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Translator’s note: The Ninth Biospherian by Roni Layerson


The literatures of the various languages are replete with untranslatable books; today it is a commonplace in comparative literature and linguistics, or whatever these fields and their institutions of the academic spirit of the age currently prefer to call themselves, that every text, however trivial, contains facets that cannot be transferred into another linguistic system. But perhaps hardly any text defies translation as staunchly as The Ninth Biospherian by Roni Layerson. His(?) complex approach to the Biosphere 2 project presents major comprehension problems even to readers sharing the same language (if indeed they manage to get hold of the text in the first place; more on the confused publication history below). The translator, who will at least probably have a complete – or, more probably, an incomplete – copy at his disposal, can but despair.


The Ninth Biospherian is the story of Biosphere 2: From 1991 to 1993, eight people lived in a giant glass house situated in the Arizona desert. The building was closed off from the outside world and comprised six biomes, i.e. six complete ecosystems, a rainforest, ocean, desert, agriculture, etc., that were supposed to recycle the air and water and provide the crew with food. Layerson relates the various aspects of this project from the viewpoint of an imaginary ninth crew member.
The structure of the available manuscript is that of an anthology. There are said to be other versions, but I am not familiar with them. My copy has 637 A4 pages, with an additional loose appendix of notes, bibliography, footnotes, and photo material that is almost as thick.
The table of contents, that has first to be discovered, appearing, as it does, unexpectedly at the end of the first third of the text, indicates twelve chapters, listed as separate essays and short stories. I have discovered at least one additional, unlisted chapter. The individual chapters (I will stick with this impartial term) are not ascribed to different authors, although they are, in some cases, clearly copied: sometimes more, sometimes less. Layerson refrains from a trivial allocation of authors’ names, knowing that we will read it thus anyway.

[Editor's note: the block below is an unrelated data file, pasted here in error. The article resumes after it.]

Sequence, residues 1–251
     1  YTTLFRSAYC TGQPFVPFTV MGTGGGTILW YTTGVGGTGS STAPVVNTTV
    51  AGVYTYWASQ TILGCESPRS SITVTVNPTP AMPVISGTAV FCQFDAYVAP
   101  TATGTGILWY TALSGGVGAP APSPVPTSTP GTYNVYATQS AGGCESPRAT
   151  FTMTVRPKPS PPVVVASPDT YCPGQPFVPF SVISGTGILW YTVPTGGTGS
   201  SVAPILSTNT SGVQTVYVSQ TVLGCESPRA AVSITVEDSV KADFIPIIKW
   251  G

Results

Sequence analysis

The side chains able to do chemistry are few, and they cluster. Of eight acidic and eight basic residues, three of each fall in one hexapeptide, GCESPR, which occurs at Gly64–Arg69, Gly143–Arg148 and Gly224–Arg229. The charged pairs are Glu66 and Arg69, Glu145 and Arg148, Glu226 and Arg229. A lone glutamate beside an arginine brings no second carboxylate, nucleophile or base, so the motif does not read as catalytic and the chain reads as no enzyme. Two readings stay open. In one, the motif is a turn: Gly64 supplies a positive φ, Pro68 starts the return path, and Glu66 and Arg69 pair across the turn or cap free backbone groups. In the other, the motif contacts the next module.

A kind of introduction at the start of the anthology takes care of this. Layerson writes:

At first glance, i.e. on the first few pages or upon casual browsing, The Ninth Biospherian may, depending on the reader’s educational background or stylistic preference, appear reminiscent of Lem’s A Perfect Vacuum or one of Borges’s meta-fictions, or what do I know. And after all these are two references that are often cited when people are writing about it, so the book appears to be so before you have even got hold of it. I knew this too before I began dealing with it. It is really no problem to establish links going back to Sartor Resartus. References. Gimmicks. 

By now it is abundantly clear which waters we are navigating. Stanislaw Lem’s A Perfect Vacuum is a book consisting of reviews of imaginary science-fiction books. The preface discusses Lem’s book itself. Anyone familiar with A Perfect Vacuum will perhaps agree with me that it is mannered and conceited rather than a reading adventure. Jorge Luis Borges, mentioned by Layerson, writes in a preface that his style of writing in Collected Fictions was still clumsy. Elsewhere he ascribes the overly baroque nature of a text to an immature author. With its intrinsic vanity, this self-criticism probably applies less to the stories in Collected Fictions than to Lem’s later book. And it applies to Layerson. It seems as though the virus of this “mirror-fencing” text production is also eating into the matrix of the fencing style, more and more so with each generation. I too feel its infection. I am beset with the same difficulty when translating the text; for on the one hand I aim to remain true to the style of the original, as crappy as it may be. On the other hand, I am of course tempted to improve on the author’s weaknesses. For example, to write: “as crappy as it may be”, i.e. to abandon the blasé. Into another mannerism. And thus remain true to the fundamental character of the original!

the entire text as pdf 


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